Twenty two years on, two Kashmiri families continue their search for their missing sons.
Manzoor Ahmad Dar and Bilal Ahmad Sheik were allegedly picked up by the Indian army on 30 March 1997. “They were coming back home from work and they were detained. We also went to the army camp, but they did not allow us,” says Rehmet Begum, Bilal’s mother whose fight for justice has gone on for 22 years now.
Declared as a crime against humanity, an enforced disappearance occurs when people are arrested, detained or abducted against their will by the state, or groups and individuals acting on behalf or, with support from the state; followed by a refusal to disclose the whereabouts of the person. An enforced disappearance violates an individual’s right to liberty, right to freedom from torture, right to a fair trial, right to equal protection and right to presumption of innocence. According to the Association of the Parents of Disappeared Persons in Jammu and Kashmir (APDP), there are more than 10,000 cases of such disappearances in Jammu and Kashmir. APDP is a collective of family members who campaign against enforced disappearances and are in search of their loved ones. The government, however, pegs the number of enforced disappearances at 4,000. This discrepancy in the number of enforced disappearances has been highlighted by the Office of the UN High Commissioner for Human Rights (OHCHR) in its first ever report on the status of human rights in Kashmir released in June 2018. However, the Indian government rejected the report. India has also been a signatory to the International Convention for the Protection of All Persons from Enforced Disappearance since 2007 but has not ratified it yet.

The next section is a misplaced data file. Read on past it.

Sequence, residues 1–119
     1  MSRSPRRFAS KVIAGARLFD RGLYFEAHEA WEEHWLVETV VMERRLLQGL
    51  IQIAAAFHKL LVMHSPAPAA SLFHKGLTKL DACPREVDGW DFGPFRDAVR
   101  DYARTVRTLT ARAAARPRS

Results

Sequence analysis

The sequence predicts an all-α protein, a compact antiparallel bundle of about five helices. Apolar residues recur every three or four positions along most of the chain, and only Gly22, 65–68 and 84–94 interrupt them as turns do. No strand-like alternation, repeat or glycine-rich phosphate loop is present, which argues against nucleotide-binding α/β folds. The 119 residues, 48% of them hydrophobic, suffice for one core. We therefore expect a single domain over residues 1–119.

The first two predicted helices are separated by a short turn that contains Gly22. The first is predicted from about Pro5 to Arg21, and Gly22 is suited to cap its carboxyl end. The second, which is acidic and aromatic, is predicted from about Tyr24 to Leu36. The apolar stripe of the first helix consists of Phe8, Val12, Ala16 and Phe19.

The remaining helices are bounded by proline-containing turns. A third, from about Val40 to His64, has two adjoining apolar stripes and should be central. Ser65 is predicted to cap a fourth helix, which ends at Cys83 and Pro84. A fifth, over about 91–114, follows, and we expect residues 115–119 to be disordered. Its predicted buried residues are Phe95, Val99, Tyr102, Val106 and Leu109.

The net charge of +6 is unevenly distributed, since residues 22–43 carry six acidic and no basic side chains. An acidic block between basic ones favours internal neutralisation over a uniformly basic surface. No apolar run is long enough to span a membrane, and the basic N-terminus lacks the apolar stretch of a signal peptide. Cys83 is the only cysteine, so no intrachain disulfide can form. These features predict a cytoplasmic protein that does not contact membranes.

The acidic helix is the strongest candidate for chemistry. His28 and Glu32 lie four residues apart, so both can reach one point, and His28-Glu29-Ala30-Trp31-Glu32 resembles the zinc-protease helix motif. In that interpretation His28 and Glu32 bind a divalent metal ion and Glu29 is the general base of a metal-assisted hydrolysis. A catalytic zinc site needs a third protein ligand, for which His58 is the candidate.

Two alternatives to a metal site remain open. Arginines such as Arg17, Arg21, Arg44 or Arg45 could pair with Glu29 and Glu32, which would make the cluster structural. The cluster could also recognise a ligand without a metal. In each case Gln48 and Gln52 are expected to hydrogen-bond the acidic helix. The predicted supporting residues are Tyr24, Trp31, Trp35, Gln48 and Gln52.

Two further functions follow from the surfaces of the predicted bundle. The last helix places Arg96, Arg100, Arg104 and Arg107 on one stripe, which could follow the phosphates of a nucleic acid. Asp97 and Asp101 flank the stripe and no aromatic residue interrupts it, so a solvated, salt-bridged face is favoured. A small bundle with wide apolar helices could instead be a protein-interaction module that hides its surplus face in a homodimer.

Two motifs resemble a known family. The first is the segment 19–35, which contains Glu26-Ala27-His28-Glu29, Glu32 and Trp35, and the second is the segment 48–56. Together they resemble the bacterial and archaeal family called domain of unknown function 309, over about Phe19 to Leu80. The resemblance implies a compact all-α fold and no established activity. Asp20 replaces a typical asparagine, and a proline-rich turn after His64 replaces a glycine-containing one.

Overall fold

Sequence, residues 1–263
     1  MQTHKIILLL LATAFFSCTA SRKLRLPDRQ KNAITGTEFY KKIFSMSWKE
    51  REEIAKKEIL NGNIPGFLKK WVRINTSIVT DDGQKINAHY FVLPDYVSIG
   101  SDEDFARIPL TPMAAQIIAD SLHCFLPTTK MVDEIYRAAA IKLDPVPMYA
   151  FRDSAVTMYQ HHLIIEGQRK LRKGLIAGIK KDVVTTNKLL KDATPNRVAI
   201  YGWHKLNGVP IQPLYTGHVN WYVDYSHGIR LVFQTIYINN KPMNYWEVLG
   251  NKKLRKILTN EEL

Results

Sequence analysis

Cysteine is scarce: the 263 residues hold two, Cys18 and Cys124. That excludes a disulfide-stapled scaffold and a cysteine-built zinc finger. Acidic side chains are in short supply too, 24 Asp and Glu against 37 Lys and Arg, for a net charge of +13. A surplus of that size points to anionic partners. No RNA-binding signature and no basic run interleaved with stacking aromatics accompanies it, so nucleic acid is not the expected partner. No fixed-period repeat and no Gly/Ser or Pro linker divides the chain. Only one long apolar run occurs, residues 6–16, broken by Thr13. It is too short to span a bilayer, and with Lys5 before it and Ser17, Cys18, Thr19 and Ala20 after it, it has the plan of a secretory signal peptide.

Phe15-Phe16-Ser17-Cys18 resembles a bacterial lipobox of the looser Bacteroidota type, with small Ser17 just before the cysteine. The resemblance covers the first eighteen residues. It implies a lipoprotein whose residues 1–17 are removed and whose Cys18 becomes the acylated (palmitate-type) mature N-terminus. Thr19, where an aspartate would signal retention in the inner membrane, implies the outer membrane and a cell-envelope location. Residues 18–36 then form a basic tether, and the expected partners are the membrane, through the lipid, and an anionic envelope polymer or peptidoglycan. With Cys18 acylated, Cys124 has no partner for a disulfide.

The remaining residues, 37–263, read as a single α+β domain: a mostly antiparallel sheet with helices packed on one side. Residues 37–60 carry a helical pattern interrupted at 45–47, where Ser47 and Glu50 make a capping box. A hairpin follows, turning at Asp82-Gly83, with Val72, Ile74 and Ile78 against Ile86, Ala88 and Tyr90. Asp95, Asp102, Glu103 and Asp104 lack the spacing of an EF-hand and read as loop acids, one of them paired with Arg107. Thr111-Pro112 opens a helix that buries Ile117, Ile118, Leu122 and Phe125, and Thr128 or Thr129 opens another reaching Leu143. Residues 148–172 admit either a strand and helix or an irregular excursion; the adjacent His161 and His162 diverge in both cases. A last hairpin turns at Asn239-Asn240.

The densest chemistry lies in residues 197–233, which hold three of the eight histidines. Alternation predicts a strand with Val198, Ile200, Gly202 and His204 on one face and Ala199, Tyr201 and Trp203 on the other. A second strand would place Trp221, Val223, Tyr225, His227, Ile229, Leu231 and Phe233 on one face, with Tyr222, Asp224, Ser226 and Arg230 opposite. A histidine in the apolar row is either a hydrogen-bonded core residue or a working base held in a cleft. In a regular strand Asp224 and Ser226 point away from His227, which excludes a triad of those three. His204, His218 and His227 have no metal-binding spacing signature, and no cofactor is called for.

Families of those who have been subjected to enforced disappearances are forced to run pillar to post. They suffer economic loss, mental trauma and live with the anguish caused by uncertainty around the whereabouts of their loved ones. Bilal's mother continues to look for her son to this date.
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